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19 May 2008 : Column 21

Point of Order

3.32 pm

Dr. Julian Lewis (New Forest, East) (Con): On a point of order, Mr. Speaker. I ask your advice about the High Court’s determination on Friday that Members’ private home addresses should be published under the Freedom of Information Act 2000 when requests are made. As I have tried to indicate previously in the House, I believe that such a policy would be extremely dangerous in the present security environment, and my belief is shared by Members from all parties in the House. Until now, as the matter has been sub judice, we have understandably been prevented from discussing it in the House. We have not been able to discuss it in the press, because the press is in the driving seat of applications for addresses to be disclosed. What can we do properly to air publicly, in the Chamber or outside, our justified concerns about the security implications of this foolish decision?

Mr. Speaker: That was not a point of order, but the hon. Gentleman is right to say that the question of sub judice has now been lifted. Therefore, he or any other hon. Member can now table parliamentary questions or raise the matter in the usual way, perhaps through a debate. I thank him.

19 May 2008 : Column 22

Orders of the Day

Human Fertilisation and Embryology Bill [Lords]

[1st Allotted Day]

(Clauses Nos. 4, 11, 14 and 23, Schedule No. 2 and any new Clauses or new Schedules relating to the termination of pregnancy by registered medical practitioners)

Considered in Committee.

[Sir Alan Haselhurst in the Chair]

Clause 4

Prohibitions in connection with genetic material not of human origin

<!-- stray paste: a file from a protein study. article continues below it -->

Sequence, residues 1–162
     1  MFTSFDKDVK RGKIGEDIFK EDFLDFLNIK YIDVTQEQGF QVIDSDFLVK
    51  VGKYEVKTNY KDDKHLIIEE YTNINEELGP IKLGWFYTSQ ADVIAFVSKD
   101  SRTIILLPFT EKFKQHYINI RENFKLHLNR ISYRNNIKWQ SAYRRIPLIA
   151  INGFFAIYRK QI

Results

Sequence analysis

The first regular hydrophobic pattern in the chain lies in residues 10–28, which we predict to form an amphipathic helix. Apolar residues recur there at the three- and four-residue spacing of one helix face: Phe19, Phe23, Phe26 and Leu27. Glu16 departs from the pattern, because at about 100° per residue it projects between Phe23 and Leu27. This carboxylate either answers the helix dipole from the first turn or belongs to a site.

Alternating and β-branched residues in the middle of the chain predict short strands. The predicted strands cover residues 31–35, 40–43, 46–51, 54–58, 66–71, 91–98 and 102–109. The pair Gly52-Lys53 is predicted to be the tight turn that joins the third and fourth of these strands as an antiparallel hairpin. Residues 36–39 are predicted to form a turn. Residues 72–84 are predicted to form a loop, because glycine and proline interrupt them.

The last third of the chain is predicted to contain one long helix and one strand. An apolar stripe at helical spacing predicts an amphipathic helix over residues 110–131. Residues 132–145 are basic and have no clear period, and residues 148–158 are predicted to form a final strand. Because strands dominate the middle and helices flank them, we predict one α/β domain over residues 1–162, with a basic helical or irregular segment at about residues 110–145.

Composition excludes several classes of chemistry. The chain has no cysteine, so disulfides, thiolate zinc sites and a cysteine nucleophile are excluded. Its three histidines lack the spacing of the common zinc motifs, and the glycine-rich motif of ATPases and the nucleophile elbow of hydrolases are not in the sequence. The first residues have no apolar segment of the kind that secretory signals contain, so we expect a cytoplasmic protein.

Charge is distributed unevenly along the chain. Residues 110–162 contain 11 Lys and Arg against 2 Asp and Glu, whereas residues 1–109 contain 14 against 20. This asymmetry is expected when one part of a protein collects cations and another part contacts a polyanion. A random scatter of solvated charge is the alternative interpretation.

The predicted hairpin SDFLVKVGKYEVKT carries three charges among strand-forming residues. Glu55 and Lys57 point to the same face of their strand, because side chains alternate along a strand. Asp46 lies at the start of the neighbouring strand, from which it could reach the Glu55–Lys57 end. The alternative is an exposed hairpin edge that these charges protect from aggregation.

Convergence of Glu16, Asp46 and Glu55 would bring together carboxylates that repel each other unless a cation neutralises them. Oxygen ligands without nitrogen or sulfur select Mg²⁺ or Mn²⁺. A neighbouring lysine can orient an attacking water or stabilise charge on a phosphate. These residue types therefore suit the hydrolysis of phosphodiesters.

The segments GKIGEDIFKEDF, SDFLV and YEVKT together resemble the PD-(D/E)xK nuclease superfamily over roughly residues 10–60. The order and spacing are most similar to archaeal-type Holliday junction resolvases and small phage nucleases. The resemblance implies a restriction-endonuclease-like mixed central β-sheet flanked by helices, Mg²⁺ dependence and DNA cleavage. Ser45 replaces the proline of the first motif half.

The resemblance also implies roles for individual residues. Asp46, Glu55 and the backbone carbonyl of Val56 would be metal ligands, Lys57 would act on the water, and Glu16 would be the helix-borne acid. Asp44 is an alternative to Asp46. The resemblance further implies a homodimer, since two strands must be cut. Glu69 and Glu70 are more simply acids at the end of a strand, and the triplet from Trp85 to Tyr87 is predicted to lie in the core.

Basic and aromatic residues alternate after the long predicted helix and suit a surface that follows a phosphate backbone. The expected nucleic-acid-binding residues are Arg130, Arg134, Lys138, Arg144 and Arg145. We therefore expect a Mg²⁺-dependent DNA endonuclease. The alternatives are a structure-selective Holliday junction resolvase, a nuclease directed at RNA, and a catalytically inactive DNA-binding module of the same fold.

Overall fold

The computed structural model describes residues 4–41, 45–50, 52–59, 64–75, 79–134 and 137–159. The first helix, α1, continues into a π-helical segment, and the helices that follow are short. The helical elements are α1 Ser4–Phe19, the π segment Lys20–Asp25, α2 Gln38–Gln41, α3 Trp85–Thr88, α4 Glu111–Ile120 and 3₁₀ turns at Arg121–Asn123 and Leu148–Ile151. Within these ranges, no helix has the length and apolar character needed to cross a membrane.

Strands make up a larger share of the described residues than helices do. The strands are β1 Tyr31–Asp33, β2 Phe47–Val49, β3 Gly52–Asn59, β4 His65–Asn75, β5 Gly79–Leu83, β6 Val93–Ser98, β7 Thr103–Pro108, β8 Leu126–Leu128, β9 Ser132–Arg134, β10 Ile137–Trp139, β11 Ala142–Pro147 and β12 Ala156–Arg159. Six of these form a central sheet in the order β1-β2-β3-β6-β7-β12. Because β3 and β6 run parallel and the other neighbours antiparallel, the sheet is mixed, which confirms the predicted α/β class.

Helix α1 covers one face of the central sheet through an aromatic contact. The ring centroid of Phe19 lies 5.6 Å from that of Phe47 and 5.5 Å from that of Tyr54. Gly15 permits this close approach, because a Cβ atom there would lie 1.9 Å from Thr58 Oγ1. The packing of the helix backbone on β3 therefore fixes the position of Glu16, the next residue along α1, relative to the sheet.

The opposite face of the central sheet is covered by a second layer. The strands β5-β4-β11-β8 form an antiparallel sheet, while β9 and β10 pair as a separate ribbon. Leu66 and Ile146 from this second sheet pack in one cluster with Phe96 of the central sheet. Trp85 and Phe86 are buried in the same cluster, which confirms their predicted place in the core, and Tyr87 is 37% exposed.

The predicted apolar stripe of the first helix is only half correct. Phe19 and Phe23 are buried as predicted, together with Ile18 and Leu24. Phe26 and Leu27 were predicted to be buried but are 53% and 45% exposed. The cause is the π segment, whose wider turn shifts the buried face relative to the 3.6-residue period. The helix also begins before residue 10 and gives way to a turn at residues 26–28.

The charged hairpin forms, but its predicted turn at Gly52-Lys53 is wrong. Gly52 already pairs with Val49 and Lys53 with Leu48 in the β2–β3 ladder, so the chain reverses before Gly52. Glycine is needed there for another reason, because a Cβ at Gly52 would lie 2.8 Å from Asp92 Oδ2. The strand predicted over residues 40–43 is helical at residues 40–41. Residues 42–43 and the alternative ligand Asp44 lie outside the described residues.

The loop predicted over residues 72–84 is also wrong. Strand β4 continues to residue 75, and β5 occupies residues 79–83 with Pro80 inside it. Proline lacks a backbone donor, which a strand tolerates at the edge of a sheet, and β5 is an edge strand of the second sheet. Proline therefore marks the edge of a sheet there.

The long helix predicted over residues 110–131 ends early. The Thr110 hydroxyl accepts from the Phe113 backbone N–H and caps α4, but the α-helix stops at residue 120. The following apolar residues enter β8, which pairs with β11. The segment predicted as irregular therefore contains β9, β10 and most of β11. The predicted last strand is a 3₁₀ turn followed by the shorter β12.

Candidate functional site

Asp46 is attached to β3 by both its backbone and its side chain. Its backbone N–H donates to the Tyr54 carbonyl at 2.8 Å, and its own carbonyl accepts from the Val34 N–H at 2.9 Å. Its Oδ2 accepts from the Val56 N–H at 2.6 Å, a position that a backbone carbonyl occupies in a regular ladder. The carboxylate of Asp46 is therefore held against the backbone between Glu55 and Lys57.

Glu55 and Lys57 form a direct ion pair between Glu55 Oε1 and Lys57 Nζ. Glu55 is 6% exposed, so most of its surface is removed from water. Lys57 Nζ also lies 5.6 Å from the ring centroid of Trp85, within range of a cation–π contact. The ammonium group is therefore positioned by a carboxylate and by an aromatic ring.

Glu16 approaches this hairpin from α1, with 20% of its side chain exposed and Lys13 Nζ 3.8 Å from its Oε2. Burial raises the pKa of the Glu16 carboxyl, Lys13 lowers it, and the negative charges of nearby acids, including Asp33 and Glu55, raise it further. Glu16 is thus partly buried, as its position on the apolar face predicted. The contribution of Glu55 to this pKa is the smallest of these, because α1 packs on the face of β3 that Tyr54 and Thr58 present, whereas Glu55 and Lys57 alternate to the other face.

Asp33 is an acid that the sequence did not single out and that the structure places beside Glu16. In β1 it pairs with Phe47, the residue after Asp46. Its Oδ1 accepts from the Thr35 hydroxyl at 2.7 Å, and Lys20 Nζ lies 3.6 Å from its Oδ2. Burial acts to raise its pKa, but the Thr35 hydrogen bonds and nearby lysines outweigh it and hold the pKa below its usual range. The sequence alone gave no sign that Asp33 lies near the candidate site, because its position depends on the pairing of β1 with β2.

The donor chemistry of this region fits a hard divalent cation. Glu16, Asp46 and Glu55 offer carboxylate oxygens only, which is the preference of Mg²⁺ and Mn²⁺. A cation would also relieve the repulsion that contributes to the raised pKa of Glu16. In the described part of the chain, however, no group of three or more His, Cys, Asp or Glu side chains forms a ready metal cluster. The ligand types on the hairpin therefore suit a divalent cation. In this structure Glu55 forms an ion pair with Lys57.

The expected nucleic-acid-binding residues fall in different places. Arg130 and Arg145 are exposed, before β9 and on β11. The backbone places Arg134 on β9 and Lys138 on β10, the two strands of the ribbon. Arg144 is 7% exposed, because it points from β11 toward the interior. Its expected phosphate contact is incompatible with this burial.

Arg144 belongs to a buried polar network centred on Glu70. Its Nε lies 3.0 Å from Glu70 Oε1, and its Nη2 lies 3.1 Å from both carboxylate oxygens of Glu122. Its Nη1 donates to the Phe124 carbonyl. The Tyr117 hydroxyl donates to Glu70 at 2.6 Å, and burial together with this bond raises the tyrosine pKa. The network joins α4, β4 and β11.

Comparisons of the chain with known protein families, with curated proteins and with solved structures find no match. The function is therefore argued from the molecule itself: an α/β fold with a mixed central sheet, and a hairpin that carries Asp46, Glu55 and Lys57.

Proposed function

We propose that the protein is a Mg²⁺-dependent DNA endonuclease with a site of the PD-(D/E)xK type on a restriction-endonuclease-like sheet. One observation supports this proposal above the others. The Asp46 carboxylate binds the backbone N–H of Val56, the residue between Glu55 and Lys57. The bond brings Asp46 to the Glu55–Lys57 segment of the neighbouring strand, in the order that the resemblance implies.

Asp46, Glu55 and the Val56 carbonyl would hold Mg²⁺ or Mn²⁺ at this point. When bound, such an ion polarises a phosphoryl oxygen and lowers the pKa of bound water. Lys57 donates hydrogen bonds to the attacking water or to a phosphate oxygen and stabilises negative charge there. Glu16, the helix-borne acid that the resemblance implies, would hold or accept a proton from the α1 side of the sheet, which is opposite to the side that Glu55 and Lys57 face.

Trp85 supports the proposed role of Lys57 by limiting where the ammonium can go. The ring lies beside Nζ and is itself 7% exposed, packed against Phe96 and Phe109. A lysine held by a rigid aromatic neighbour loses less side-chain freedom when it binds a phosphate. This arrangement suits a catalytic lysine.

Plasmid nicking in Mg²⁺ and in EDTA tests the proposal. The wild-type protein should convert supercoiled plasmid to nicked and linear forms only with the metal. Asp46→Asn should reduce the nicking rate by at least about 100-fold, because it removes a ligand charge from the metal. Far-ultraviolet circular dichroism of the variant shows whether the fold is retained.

3.34 pm

Mr. Edward Leigh (Gainsborough) (Con): I beg to move amendment No. 1, page 4, leave out line 5.

The Chairman of Ways and Means (Sir Alan Haselhurst): With this it will be convenient to discuss the following amendments:

No. 2, page 4, line 6, leave out from ‘authorise’ to end of line 12 and insert—

‘(a) the mixing of human gametes with animal gametes,

(b) the bringing about of the creation of a human admixed embryo, or

(c) the keeping or using of a human admixed embryo.’.

No. 42, line 13, leave out subsection (4).

Government amendment No. 33.

No. 10, line 14, at end insert—

‘(4A) A licence cannot authorise the creation of an embryo using—

(a) human gametes and animal gametes, or

(b) one human pronucleus and one animal pronucleus.’.

No. 11, line 22, leave out paragraph (b).

No. 44, page 4, leave out lines 25 to 27.

Government amendments Nos. 34 and 35.

No. 3, in schedule 2, page 54, line 31, at end insert—

‘(ca) omit paragraph (f)’.

Government amendment No. 36.

No. 43, page 58, line 2, at end insert—

‘(4A) A licence for research cannot authorise the creation of an embryo by the introduction of a sequence of nuclear or mitochondrial DNA from any species into one or more cells of the embryo or into gametes used to create that embryo.’.